Anglers have the same basic problem all other boaters face: rocking and rolling in big waves is down-right uncomfortable. But waves can be even more of a challenge when fishing than with other forms of boating, since your hands are occupied with rods and reels instead of grab rails. So, just how big a difference can gyroscopic stabilization make? To find out, we went fishing aboard a Seakeeper-equipped Viking 62 with one experienced angler (our Senior Editor and resident fish-head Lenny Rudow), and one boater who hadn’t held a fishing rod in decades (Managing Editor, John Burnham). Tune in, and see the results.
As evidenced both by our inclinometer and the view of the horizon on-camera, the Seakeeper makes a huge difference in how much rocking and rolling a boat does. And yes, having a more stable platform absolutely does make it easier to fish. It makes it safer, too, since there’s a much lower chance of people stumbling or falling. And when there are hooks swinging through the air and fish flopping on the deck, again, a more stable platform is going to be a safer one as well.
So, just exactly how can a device the size of a generator make such a big difference in the motion of the ocean, while standing on the deck of a 62’ sportfish? The Seakeeper mounted in that boat spins a flywheel in a vacuum, to create torque. That torque is then applied to the boat’s structure, counteracting the natural side-to-side motion created by waves. The system is technically called a “Control Moment Gyroscope,” and it’s the same technology used in some spacecraft attitude control systems. To learn more details on exactly how a Seakeeper keeps a boat from rocking and rolling, check out How Seakeeper Works: Gyroscopic Stabilization for Boats.
There’s another big factor mentioned briefly in the video, which warrants further examination. Seasickness. Since the first boating caveman climbed atop a log and started paddling, motion sickness has been a problem. It can ruin an otherwise great day on the water, and for plenty of people, makes boating and fishing from a boat more or less impossible. Sure, there are ways to fight seasickness (read Feeling Funky? 5 Secret Ways to Stop Being Seasick for a few hints), but different people experience different levels of success with each treatment. And some find that nothing helps their queasy stomach. Now, consider fishing aboard the Seakeeper-equipped Viking. With 90-percent less rocking and rolling, there’s no doubt that a huge number of seasickness-sufferers could step aboard and enjoy a day of fishing without getting green around the gills. Just think of how many moms, dads, friends, and brother-in-laws would have a completely different outlook at the prospect of spending a day fishing—not to mention how much less (ahem) clean-up there is for you captains at the end of the day, after landlubbers have come along for the ride.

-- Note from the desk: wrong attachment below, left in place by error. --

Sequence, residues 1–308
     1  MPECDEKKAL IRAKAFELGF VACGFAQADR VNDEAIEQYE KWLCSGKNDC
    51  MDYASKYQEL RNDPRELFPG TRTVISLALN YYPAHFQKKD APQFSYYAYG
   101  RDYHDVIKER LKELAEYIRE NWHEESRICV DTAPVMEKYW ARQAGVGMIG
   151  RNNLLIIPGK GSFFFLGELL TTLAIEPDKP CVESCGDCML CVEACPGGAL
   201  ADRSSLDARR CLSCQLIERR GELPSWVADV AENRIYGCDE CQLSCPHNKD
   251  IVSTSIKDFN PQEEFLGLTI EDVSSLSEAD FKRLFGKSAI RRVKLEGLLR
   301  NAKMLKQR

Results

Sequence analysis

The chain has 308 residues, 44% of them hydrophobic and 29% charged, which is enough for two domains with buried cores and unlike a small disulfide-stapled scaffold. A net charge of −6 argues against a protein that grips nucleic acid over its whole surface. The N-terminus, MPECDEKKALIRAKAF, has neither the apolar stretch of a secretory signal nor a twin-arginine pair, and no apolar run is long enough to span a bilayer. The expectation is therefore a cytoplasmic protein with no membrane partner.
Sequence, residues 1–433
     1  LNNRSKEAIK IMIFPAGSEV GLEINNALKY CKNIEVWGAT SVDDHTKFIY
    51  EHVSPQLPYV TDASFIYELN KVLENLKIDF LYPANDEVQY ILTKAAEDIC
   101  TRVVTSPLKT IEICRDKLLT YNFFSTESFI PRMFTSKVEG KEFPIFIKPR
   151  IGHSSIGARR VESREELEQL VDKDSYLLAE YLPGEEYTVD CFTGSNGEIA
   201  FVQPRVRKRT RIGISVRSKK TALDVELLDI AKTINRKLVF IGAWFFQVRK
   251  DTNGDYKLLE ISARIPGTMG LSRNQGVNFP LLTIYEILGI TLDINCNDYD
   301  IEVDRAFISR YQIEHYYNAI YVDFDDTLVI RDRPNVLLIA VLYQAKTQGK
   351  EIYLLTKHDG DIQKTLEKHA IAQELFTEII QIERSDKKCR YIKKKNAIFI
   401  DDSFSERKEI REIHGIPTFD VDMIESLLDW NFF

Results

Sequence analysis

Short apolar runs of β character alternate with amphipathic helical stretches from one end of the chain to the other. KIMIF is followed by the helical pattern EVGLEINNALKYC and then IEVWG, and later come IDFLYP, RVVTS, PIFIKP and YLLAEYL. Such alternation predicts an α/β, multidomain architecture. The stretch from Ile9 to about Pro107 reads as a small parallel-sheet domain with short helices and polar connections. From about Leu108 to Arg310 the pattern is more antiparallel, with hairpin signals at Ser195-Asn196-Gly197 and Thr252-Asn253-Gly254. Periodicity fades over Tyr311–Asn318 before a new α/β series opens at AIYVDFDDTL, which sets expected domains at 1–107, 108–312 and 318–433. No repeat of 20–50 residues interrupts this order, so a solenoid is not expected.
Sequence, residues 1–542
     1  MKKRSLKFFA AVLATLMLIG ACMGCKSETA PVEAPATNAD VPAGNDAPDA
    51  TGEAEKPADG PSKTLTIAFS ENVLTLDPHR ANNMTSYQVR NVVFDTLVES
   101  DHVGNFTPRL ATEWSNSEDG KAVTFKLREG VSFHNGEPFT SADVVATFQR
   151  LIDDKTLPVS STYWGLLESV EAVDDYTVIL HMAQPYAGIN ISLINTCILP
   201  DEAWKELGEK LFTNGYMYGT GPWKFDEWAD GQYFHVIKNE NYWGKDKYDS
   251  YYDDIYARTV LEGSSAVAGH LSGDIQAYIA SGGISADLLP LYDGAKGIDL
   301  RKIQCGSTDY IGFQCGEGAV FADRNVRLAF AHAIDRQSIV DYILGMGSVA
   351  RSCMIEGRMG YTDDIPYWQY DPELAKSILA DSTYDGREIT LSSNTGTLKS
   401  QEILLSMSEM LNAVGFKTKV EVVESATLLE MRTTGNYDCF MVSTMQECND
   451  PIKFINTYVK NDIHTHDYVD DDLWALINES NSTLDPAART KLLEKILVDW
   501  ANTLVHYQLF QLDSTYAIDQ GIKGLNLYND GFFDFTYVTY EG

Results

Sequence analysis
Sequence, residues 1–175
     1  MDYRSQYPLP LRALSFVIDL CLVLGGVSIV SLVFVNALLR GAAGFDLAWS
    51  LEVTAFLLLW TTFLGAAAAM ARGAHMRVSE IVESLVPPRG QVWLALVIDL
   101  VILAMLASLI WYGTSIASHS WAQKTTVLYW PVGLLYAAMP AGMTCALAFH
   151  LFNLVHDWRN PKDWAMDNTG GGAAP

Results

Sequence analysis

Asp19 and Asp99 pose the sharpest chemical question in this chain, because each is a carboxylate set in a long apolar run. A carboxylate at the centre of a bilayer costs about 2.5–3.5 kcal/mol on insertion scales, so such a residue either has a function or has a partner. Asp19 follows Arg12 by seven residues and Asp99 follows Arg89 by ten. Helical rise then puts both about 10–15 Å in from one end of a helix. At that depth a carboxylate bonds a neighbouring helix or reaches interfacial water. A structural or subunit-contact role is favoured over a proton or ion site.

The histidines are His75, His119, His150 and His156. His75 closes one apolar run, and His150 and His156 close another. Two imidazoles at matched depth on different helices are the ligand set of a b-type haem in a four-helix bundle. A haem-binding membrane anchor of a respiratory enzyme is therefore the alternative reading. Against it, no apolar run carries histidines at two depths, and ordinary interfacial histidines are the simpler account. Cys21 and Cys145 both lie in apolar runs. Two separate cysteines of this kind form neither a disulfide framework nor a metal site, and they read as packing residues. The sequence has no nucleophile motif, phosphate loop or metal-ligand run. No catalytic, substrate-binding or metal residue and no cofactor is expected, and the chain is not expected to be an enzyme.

The bottom line? Our day of fishing aboard a boat with Seakeeper gyroscopic stabilization was a real eye-opener. We wouldn’t hesitate to recommend outfitting your boat with one of these units (which is a lot simpler than you might think; read Seakeeper Refit Alternatives to learn more about the options and different installation possibilities,) and other than the cost of purchasing and installing a unit, we can’t find any real down-side to fishing from a Seakeeper-equipped boat. Heck, we might even guess that anglers working from the deck of a stabilized boat can do things like rig baits and tie leaders faster and more easily. That would mean your boat isn’t just safer and more comfortable with gyroscopic stabilization aboard—it’s a more effective fishing machine, too.
For more information, visit Seakeeper.
Editor’s note: Promotional consideration for this article was paid by Seakeeper.